Edis has always been a musician with a foot in both the jazz and classical camps. The ensemble Triptych sees him doubling on piano and clarinet in a trio that also features Paul Susans (double bass) and Rob Walker (drums, percussion). This line up has recorded three suites of music, all recorded at Blank Studios in Newcastle and all released during 2020.

The Ushaw Ensemble was a seven piece jazz / folk ensemble, the instrumentation including violin and Northumbrian pipes. The album release “Volume 1” featured Edis’ compositions “St. Cuthbert Suite” and the “Sound of Achill”.

Edis has also recorded two Christmas albums, “A Jazzy Christmas” and “On Christmas Day”, both featuring a hand picked ensemble of his favourite musicians, among them vocalist Jo Harrop, a musician with whom Edis has worked regularly.

Edis has been a regular collaborator in projects led by the husband and wife team of bassist Andy Champion and vocalist Zoe Gilby. He has appeared on a number of Gilby’s solo recordings and was a member of Champion’s jazz-prog outfit ACV, appearing on two of that group’s albums. More recently he was a part of Living In Shadows, Gilby and Champion’s jazz/rock/electronica project.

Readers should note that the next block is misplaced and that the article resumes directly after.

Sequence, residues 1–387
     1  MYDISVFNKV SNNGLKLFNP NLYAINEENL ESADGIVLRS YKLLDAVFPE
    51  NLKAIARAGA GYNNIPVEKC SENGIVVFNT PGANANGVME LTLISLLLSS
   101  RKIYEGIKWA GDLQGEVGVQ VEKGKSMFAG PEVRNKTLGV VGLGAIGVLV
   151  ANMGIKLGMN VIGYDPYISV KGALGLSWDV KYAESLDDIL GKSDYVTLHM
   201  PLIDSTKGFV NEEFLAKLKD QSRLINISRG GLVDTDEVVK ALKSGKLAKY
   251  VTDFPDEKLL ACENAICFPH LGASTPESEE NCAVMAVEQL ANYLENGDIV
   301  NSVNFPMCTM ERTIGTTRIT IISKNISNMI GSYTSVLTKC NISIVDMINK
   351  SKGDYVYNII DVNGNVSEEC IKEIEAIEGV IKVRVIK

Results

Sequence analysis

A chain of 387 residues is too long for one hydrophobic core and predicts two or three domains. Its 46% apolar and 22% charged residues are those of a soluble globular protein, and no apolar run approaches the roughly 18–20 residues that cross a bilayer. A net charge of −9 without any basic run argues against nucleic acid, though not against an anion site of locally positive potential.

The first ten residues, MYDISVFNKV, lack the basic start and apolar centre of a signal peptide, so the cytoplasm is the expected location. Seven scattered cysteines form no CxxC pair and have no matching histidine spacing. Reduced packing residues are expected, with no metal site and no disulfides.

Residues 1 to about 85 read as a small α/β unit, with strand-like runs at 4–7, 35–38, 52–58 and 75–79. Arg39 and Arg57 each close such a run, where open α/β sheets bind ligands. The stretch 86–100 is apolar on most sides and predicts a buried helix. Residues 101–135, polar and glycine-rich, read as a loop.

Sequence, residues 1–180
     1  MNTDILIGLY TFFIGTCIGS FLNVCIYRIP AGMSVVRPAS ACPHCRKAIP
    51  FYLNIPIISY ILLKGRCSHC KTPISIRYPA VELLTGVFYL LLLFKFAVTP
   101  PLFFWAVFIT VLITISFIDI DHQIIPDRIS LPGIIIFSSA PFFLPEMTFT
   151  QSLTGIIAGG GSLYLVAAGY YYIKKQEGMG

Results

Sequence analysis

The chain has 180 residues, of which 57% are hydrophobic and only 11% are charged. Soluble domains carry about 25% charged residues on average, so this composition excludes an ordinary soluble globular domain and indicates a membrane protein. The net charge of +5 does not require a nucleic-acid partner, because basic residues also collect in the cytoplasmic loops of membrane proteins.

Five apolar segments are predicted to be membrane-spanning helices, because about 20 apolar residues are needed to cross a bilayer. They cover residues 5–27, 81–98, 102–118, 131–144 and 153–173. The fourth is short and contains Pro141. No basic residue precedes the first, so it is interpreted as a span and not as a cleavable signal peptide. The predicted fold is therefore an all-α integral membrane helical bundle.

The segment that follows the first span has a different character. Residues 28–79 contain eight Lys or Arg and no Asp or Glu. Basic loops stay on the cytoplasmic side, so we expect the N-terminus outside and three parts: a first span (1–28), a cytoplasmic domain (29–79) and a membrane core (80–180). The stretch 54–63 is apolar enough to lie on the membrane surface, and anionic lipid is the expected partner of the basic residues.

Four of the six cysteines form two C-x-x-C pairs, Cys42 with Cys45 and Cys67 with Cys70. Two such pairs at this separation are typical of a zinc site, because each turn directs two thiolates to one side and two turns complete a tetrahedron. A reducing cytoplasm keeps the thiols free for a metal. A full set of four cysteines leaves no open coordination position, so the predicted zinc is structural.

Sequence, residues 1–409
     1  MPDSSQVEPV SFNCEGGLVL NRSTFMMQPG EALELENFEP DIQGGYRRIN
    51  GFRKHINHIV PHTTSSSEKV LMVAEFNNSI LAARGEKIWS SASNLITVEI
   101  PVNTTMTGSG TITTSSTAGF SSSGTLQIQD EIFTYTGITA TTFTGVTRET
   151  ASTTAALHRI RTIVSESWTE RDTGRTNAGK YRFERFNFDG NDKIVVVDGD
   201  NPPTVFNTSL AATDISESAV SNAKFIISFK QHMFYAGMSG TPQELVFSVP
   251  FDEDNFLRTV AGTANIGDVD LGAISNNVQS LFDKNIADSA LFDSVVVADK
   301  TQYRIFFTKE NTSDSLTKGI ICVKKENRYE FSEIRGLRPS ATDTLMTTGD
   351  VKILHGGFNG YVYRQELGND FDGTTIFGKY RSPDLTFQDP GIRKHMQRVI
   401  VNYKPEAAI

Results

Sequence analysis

The “Living In Shadows” album is reviewed elsewhere on this site, as are numerous other album releases and live performances featuring Gilby and Champion.

Others with whom Edis has worked include saxophonists Alan Barnes,  Iain Ballamy,  Tim Garland, Julian Siegel,  and Tony Kofi, trumpeters Bruce Adams, Steve Waterman and Jon Faddis, guitarists Nigel Price and Jim Mullen and trombonist Mark Nightingale.

The album packaging for Feels Like Home” features the duo’s personalised version of the London tube map with locations that have significance for the musicians represented as ‘stations’. These include Athens and Boston plus various places in the North East and in London and the Home Counties.

The duo describe the music and the overall theme of the album thus;